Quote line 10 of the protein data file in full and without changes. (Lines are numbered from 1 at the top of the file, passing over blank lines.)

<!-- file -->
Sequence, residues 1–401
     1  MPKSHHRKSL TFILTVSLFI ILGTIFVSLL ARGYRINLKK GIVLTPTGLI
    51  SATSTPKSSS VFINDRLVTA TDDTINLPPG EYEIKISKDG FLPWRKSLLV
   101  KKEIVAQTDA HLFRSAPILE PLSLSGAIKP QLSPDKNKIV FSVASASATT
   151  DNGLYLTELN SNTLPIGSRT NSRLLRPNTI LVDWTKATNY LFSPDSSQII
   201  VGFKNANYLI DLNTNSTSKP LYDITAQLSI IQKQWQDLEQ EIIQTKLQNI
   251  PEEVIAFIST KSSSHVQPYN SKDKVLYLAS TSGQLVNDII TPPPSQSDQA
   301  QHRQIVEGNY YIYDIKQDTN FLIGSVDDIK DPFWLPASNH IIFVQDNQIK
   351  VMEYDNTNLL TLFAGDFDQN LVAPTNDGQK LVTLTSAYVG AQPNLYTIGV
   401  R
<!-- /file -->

   401  R